In C++, there are two ways to create objects, that is to say, to instantiate a class:
Creating static object
The creation of static objects implies creating an object by assigning a name to it, as you would do for a variable:
Thus, the object is accessed through its name ...
Creating a dynamic object
The creation of a dynamic object implies the creation of an object by the program itself according to its "needs". The dynamic objects don't have a name to easily, instead they can be identified by pointers.
During the creating a dynamic object:
Definition of a pointer to a given class.
Create the object using the new keyword, which will also return the address of the newly created object.
Assign the address to the pointer.
The syntax is as follows:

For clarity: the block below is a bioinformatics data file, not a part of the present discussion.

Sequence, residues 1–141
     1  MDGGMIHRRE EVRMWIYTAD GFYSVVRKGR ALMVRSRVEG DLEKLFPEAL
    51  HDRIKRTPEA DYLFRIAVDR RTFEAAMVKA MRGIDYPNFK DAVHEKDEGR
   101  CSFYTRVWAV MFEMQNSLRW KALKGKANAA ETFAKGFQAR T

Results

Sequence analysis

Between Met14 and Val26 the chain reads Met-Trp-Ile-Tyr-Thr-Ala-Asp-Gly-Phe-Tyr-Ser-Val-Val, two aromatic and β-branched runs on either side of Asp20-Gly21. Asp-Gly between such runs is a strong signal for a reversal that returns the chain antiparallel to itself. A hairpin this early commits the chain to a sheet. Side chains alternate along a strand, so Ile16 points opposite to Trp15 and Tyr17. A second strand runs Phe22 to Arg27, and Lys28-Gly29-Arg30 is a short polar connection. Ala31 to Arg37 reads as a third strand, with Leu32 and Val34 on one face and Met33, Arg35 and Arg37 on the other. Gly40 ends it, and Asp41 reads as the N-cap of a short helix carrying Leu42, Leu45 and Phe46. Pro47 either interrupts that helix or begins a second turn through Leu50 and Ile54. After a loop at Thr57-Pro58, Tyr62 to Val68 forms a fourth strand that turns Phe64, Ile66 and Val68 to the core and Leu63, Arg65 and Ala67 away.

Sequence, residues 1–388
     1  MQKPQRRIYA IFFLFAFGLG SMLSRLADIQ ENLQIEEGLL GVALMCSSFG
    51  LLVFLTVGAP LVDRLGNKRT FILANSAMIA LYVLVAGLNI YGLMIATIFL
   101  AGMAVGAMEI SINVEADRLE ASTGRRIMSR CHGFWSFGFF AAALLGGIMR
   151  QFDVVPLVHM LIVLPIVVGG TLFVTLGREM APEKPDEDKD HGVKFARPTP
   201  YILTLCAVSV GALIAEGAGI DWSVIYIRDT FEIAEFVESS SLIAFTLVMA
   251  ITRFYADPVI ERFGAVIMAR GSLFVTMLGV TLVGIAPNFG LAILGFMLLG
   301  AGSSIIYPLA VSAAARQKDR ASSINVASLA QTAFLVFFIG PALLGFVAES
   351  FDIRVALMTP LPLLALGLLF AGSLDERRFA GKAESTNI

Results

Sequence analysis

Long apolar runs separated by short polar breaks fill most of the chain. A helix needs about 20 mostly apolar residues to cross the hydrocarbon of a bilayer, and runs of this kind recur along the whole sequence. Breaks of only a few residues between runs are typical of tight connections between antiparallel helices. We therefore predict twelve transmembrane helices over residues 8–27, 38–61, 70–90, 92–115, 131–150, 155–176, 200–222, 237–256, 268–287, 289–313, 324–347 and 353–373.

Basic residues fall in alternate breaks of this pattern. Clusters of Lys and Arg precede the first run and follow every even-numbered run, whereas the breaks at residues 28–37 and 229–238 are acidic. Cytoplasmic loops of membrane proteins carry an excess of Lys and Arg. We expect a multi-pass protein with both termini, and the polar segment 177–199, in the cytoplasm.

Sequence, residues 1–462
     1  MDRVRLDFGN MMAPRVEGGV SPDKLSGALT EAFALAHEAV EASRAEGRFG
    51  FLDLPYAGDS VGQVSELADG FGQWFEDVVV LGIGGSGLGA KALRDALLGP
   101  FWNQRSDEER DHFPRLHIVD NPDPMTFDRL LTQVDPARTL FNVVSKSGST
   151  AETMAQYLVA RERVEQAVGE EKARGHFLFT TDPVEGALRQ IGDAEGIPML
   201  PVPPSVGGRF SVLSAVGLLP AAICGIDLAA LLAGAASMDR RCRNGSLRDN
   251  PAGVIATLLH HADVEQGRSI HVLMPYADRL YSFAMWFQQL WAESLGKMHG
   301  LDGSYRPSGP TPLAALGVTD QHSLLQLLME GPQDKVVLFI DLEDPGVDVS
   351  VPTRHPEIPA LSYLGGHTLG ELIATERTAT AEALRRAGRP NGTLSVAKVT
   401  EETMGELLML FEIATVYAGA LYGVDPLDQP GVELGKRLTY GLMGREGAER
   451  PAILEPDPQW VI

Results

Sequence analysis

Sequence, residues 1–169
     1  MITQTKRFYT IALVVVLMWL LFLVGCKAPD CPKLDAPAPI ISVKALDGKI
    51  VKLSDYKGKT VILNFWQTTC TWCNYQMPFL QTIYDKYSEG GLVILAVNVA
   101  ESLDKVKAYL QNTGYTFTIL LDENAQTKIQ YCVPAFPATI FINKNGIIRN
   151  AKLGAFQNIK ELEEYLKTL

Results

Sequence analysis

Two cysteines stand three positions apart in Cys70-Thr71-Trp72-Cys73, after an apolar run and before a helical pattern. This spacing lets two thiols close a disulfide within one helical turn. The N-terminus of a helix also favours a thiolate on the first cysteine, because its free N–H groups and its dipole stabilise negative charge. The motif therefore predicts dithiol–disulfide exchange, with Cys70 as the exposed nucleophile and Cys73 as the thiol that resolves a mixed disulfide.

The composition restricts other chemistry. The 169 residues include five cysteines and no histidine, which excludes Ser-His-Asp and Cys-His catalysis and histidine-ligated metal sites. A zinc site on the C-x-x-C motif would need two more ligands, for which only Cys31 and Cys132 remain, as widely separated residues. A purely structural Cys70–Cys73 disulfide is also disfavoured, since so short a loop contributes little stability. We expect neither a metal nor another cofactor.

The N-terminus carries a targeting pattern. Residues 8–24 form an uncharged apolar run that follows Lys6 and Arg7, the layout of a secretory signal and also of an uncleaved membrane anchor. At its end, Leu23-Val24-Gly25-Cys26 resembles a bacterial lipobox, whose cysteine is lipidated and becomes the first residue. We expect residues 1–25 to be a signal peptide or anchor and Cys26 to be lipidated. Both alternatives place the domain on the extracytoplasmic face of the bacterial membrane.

Pointer_name = new Class_Name;
Using this pointer, you will be able to manipulate the "dynamic" object (functions and/or data members).
Any object created dynamically using the new keyword should be destroyed at the end of its use using the delete keyword. Otherwise, it will unnecessarily occupy a portion of the memory (even after closing the program). Objects created statically do not need to be destroyed, they are automatically deleted. Following the removal of a dynamic object, the memory it occupied is freed. You must then assign the NULL value to the pointer.
Access the data members of an object
Access to the data members of an object is done differently depending on whether the object was created statically or dynamically:
For objects created statically, the access to data members is done through the name of the object followed by a dot (.), Then the name of the data member. For example:
Object_name.Data_Member_Name = Value;
As for dynamic objects, access to data members is done through the pointer:
Pointer_name-> Data_Member_name = Value;
If ever the data member is the pointer of an object, you can access its data members through the current object:
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